“Diageo and Mallya have acted like friends at the time of the merger, but Diageo was very clear from the start about changing things at USL. When Jason Lucas and Grubb, particularly, cracked down on compliance, USL executives got jittery. Grubb’s team was going through each and every vendor contract, accounting for bulk discounts to dealers and banning gifts," a former United Spirits executive said, requesting anonymity.
By September 2013, Diageo had moved as many as 100 UB Group and Kingfisher Airlines executives off the payrolls of United Spirits.
In the same month, Diageo, which had secured the right to appoint the CEO and CFO at United Spirits, said Cadbury India’s managing director Kripalu would be the next CEO at United Spirits.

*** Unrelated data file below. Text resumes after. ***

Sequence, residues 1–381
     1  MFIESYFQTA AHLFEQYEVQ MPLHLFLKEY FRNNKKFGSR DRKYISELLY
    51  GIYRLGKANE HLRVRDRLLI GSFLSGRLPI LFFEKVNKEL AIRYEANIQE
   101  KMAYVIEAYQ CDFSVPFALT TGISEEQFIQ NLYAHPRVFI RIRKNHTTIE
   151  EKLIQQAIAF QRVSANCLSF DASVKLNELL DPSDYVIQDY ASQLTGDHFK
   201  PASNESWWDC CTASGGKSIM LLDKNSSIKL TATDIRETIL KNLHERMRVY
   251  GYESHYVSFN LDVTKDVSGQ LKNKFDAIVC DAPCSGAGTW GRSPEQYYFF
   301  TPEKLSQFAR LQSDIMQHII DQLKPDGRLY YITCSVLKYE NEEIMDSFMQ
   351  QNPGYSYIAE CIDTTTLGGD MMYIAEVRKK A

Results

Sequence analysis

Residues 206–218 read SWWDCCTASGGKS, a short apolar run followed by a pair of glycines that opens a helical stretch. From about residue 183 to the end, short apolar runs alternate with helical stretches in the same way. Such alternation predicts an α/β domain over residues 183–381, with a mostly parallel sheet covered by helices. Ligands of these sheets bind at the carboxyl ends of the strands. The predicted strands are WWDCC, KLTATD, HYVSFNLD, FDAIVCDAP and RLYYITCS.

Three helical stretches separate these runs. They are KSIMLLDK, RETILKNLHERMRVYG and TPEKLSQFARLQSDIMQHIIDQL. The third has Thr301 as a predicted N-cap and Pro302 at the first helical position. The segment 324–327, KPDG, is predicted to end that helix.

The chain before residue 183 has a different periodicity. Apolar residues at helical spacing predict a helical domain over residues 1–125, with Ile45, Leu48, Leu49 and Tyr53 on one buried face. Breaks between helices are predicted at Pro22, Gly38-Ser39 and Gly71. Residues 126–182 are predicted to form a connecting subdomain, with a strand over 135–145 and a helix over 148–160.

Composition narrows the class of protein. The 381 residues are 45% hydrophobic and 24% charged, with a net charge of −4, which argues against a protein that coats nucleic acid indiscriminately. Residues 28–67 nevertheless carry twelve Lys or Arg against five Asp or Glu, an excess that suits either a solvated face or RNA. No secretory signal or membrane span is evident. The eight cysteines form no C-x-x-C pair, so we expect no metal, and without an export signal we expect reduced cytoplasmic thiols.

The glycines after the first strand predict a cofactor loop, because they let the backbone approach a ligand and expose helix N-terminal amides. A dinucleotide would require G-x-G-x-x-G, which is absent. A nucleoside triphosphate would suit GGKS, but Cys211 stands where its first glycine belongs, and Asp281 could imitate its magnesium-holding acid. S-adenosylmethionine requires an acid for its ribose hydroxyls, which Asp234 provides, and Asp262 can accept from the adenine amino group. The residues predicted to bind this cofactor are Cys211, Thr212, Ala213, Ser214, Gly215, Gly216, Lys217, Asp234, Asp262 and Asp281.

Apart from learning about the liquor business, one of Kripalu’s immediate priorities was to help finalize a new code of conduct that would replace United Spirits’ eight-year-old code. The company rolled out its new code in February last year.
This covered all aspects of its business including accounting, marketing, dealing with government officials, anti-bribery policies and entertainment expenditure. After the new code was put in place, United Spirits lost at least five of its senior employees, two people familiar with the matter said.
“Most of the senior people who left were asked to go. They had violated the code of conduct put in place by United Spirits and Kripalu was very strict about this," one of the executives cited above said.
Although these moves weren’t directly aimed against the UB Group, the goal was to bring in an entirely new way of running the business and force out United Spirits veterans who wouldn’t toe the line.
After taking control at United Spirits, Diageo appointed BSR and Co. as the new auditor for United Spirits, replacing Grant Thornton.